Journal: NCUA Seeking $50B from Big Investment Banks (Misc News: March 23, 2011)
The NCUA is going after several investment banks that sold mortgage-backed securities to the five failed corporate credit unions, The Wall Street Journal reported Wednesday.
Quoting “people familiar with the situation,” the Journal article says that the agency wants to recoup $50 billion from Goldman Sachs Group Inc., Bank of America Corp.'s Merrill Lynch unit, Citigroup Inc. and J.P. Morgan Chase & Co. Regulators accuse the banks of misrepresenting the risks to wholesale credit unions, which loaded up on the bonds in their role of investing on behalf of retail credit unions, according to people familiar with the situation.
The NCUA seized the five wholesale credit unions in 2009 and 2010, inheriting a pile of battered bonds now worth only about $25 billion, or half of their face value.
Many of the hundreds of bonds inherited by the NCUA in its rescues of wholesale credit unions were loaded with subprime mortgages, interest-only loans or mortgages with other risky characteristics such as not requiring income verification.
The mortgage-backed securities often carried Triple-A credit ratings at first. Many now have junk ratings.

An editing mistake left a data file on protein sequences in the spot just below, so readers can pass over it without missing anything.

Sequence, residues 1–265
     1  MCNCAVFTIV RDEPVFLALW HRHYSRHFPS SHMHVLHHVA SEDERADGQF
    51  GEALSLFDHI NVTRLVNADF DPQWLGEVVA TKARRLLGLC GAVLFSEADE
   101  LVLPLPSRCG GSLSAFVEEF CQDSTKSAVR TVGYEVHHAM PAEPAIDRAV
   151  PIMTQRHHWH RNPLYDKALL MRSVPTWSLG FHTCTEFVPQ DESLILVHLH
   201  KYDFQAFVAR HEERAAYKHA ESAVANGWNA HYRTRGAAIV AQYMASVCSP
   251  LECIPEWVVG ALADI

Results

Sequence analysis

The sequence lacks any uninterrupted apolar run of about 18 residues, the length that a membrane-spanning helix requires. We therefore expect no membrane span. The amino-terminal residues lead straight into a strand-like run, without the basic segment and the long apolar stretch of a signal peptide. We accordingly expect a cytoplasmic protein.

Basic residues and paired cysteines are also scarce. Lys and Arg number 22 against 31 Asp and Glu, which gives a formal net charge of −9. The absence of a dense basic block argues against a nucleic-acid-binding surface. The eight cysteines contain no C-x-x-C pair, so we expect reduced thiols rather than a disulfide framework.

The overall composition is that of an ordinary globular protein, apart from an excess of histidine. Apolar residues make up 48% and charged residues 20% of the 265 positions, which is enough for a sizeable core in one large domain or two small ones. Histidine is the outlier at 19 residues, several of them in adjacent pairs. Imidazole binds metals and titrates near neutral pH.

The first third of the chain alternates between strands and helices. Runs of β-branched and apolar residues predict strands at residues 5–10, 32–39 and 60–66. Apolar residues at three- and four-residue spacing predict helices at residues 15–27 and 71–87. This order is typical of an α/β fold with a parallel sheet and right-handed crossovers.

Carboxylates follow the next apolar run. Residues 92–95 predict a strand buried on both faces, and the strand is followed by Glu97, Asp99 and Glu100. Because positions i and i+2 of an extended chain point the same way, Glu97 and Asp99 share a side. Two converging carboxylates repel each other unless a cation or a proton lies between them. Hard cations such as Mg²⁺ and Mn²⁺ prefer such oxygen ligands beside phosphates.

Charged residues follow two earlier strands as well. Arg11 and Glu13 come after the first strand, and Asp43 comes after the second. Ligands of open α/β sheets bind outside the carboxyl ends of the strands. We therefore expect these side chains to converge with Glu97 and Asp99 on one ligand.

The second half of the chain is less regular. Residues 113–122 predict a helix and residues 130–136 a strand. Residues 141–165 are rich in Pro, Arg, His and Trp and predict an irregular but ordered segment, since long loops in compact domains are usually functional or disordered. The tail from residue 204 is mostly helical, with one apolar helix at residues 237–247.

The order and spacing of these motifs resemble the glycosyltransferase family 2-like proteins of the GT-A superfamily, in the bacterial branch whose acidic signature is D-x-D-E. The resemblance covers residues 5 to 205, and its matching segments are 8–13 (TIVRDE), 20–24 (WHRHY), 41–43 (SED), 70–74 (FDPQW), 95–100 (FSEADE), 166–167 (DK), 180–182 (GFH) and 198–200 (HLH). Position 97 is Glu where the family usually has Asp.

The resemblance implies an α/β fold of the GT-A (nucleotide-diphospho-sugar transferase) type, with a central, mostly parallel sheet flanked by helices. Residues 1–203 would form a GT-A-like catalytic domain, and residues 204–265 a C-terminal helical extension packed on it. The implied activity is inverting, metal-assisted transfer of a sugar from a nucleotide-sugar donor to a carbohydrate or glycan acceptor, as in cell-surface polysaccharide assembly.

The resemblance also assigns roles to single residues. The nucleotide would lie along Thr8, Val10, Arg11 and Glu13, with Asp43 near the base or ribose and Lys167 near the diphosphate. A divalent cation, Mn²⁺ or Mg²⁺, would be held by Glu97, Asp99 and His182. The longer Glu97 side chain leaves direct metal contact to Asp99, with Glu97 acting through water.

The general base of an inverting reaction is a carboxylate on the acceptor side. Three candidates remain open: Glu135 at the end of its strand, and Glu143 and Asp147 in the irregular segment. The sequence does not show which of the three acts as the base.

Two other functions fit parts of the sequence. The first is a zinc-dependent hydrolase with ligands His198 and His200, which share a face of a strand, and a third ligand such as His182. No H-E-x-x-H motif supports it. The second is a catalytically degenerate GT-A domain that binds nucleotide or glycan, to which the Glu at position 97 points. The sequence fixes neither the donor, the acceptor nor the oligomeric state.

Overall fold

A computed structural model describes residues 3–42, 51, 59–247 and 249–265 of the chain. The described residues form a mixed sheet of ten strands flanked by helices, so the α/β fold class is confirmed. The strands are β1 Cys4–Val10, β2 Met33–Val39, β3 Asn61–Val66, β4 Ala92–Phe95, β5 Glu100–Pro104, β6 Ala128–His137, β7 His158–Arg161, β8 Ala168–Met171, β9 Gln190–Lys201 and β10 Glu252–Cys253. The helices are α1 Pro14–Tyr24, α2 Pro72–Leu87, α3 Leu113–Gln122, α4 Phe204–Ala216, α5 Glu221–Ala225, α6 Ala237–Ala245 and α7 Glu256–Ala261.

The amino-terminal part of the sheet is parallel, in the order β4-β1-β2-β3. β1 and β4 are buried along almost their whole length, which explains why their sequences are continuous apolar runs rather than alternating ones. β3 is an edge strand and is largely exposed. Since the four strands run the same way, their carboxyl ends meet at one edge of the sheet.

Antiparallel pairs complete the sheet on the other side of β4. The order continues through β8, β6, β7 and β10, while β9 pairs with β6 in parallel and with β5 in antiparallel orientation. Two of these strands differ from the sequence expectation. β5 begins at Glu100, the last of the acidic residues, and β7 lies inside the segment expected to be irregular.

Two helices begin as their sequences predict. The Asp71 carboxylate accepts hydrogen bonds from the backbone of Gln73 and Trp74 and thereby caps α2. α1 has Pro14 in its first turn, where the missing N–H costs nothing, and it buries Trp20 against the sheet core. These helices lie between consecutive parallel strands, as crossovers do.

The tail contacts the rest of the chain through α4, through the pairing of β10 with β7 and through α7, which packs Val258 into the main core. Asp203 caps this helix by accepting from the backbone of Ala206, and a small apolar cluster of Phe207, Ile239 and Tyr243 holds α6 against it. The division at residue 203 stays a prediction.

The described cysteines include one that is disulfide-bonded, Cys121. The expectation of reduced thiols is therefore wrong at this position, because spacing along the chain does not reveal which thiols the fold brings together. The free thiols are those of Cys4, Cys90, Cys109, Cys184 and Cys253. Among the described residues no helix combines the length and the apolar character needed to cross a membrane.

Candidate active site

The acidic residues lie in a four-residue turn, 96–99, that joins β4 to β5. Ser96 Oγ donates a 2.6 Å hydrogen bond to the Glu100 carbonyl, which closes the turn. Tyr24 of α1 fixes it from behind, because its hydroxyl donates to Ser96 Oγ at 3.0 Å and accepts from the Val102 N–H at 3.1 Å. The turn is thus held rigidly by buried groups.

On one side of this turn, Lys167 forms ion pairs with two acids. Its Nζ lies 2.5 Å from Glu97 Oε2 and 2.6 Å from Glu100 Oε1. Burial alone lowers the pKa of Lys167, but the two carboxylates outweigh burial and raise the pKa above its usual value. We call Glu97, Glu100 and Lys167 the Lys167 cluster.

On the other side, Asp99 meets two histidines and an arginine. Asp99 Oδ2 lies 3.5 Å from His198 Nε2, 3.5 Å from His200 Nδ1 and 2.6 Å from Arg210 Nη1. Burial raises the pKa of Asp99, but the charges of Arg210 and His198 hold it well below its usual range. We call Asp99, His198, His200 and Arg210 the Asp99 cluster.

According to people familiar with the matter, agency officials recently issued an ultimatum to several firms that sold the bonds: Either refund every dollar spent to buy the bonds when they were issued or face lawsuits seeking to recover the money.
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The NCUA conserved the five corporates in 2009 and 2010, taking over more than $50 billion in mortgage-backed bonds from the failed credit unions. Last fall, the agency started selling bonds backed by those assets with a government guarantee. The rescue created four new corporate credit unions, but retail credit unions must pay assessments to rebuild the industry's insurance fund, so losses on the bonds will be passed on to retail credit unions.